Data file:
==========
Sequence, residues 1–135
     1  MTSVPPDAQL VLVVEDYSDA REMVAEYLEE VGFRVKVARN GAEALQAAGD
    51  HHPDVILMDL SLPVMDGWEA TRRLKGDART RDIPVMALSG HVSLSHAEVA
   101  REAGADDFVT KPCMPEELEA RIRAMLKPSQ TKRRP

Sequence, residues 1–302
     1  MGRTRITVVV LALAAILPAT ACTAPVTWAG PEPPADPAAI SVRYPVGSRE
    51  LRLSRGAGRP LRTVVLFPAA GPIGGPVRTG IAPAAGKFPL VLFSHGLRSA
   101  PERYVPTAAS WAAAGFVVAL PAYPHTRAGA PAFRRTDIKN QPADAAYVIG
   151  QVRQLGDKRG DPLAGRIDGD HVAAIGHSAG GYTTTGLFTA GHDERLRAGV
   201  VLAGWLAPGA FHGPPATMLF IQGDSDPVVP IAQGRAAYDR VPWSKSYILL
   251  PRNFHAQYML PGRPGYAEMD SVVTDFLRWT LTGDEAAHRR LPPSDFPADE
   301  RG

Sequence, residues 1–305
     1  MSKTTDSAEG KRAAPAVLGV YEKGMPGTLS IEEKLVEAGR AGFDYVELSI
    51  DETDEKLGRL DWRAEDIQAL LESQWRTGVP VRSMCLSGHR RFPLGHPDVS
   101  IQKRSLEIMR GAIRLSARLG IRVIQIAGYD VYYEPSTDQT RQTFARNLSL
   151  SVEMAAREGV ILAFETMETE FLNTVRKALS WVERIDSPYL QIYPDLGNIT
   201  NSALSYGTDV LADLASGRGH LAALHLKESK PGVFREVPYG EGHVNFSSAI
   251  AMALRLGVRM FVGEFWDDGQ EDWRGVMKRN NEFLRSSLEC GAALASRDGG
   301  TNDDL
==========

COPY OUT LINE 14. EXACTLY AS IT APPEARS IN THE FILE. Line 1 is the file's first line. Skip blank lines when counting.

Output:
     1  MSKTTDSAEG KRAAPAVLGV YEKGMPGTLS IEEKLVEAGR AGFDYVELSI